Despite most of us thinking that we're brushing our teeth correctly or flossing frequently enough, dentist visits are often full of surprises. Irritation, cavities, gingivitis ― the list of our maladies goes on and on.
It's always important to go back to basics and make sure that you're brushing your teeth with proper technique. When it comes to ways people are brushing their teeth incorrectly, Jessica Hilburg, DDS and associate dean for clinical affairs at the NYC College of Dentistry, is the expert.
She told HuffPost that there's one important part of your mouth that too many people skip over.
"Sometimes people forget to brush the insides of their teeth, the surfaces that face the tongue and the palate," Hilburg told HuffPost. "Sometimes people forget these areas because we don't see them when we look in the mirror. Food and plaque can buildup in these areas so it's just as important to brush there as it is on the front of our teeth where we can easily see."
Hilburg also said not brushing your teeth long enough (she recommends brushing for at least two minutes twice a day) and using the wrong amount of pressure while brushing is also incorrect.
"Applying too much pressure while brushing could damage gums and be abrasive to the teeth," she said. "Applying too little pressure while brushing just isn't as effective and will not remove the plaque as well as using gentle pressure. [Also] just rubbing the toothbrush back and forth in long strokes will not do as good a job as the short strokes because the short strokes allow you to get in between the teeth much better."
She added, "The 'right amount of pressure' is pressure that feels comfortable, does not crush the bristles of the toothbrush (too much pressure) and of course leaves your teeth feeling and looking clean."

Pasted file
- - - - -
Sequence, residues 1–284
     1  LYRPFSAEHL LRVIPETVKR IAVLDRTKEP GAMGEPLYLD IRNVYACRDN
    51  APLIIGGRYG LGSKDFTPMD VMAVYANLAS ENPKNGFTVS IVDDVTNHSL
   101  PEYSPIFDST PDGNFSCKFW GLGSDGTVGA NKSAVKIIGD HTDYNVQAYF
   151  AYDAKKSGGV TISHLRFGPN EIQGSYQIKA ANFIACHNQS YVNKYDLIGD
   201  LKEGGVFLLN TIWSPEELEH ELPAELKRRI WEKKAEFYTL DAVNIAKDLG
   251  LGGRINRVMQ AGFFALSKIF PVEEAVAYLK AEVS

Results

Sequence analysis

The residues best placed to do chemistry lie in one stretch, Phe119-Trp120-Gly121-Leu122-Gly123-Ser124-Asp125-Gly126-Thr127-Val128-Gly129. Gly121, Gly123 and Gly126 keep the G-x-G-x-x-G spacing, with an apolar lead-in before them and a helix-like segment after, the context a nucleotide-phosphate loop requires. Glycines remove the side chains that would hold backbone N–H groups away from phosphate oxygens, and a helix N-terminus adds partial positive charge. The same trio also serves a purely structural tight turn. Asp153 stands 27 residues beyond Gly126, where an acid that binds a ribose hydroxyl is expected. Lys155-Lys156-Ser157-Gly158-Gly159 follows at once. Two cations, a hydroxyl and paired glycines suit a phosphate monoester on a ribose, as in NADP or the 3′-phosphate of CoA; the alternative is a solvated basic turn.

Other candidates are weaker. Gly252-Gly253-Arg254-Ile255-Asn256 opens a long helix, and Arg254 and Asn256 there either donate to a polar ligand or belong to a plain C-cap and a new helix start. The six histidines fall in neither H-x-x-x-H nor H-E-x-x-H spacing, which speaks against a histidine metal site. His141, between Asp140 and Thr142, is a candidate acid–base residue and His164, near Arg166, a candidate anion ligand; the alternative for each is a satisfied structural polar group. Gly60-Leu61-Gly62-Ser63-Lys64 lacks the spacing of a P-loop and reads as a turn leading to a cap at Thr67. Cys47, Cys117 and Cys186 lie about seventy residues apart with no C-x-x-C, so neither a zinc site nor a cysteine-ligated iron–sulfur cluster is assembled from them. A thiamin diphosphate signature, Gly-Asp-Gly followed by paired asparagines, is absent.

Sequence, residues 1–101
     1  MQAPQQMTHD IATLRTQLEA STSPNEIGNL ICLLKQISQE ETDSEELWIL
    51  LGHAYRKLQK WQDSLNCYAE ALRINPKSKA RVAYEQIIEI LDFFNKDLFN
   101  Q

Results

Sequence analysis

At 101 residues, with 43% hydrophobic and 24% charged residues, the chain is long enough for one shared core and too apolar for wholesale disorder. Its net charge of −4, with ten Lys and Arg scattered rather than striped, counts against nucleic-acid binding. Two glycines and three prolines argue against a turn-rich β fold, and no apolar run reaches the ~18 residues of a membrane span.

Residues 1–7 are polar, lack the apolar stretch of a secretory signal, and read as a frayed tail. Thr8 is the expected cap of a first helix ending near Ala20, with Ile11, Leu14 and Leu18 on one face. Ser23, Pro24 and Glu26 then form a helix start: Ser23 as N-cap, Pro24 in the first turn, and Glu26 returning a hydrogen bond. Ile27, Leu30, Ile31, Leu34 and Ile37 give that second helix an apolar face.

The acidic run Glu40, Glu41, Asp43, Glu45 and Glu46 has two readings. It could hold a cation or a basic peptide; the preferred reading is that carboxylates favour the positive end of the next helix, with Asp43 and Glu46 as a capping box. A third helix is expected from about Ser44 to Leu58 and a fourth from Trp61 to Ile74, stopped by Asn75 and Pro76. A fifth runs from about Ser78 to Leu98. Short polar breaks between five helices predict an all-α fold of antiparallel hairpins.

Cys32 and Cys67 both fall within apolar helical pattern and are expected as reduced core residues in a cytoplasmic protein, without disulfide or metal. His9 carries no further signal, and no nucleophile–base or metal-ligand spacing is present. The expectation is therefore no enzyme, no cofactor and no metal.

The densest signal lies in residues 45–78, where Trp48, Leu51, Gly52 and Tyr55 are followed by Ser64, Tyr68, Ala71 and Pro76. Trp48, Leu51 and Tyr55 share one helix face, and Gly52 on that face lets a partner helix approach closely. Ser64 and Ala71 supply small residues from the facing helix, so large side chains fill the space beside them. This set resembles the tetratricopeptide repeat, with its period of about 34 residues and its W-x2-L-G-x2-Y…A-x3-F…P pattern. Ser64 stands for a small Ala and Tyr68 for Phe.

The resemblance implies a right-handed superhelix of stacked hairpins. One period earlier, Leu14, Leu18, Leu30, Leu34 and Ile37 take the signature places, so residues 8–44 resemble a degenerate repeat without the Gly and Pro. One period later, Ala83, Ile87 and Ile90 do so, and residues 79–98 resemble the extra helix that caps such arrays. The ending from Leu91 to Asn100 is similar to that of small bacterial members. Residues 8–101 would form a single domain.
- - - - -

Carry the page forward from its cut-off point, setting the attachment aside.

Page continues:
If you want to double check your brushing techniques and times, Hilburg suggests following the instructions on the American Dental Association's website.
"It should take two minutes to brush your whole mouth ― 30 seconds for top teeth surfaces that face the lip and cheek, 30 seconds for top teeth inside surfaces and same for bottom teeth ― a total of two minutes. The chewing surfaces should be brushed while doing the sides," Hilburg said.
"Regardless of the technique used even if you aren't as organized as I've described, tooth brushing should touch upon all surfaces—inner, outer and chewing surfaces."
Or you can just watch this handy video:
Hilburg also gave HuffPost suggestions about the right type of toothbrush and toothpaste people should use ― and what to avoid.
"Using a soft toothbrush is recommended, as bristles that are too hard can damage gums and may not be flexible enough to remove the plaque," Hilburg said. "Soft bristle toothbrushes are best whether they are manual or power brushes. Choose a size toothbrush that feels comfortable and isn't so large that it won't fit on the sides of your teeth comfortably."
Hilburg added, "A toothpaste with fluoride will help decrease the risk of decay and cavities. If any toothpaste felt irritating then of course a person should avoid it."
In order to maintain good oral hygiene, Hilburg also recommends flossing daily, brushing your tongue and using an interdental cleaner (a small pointy brush) as well. And don't forget the inside of your teeth!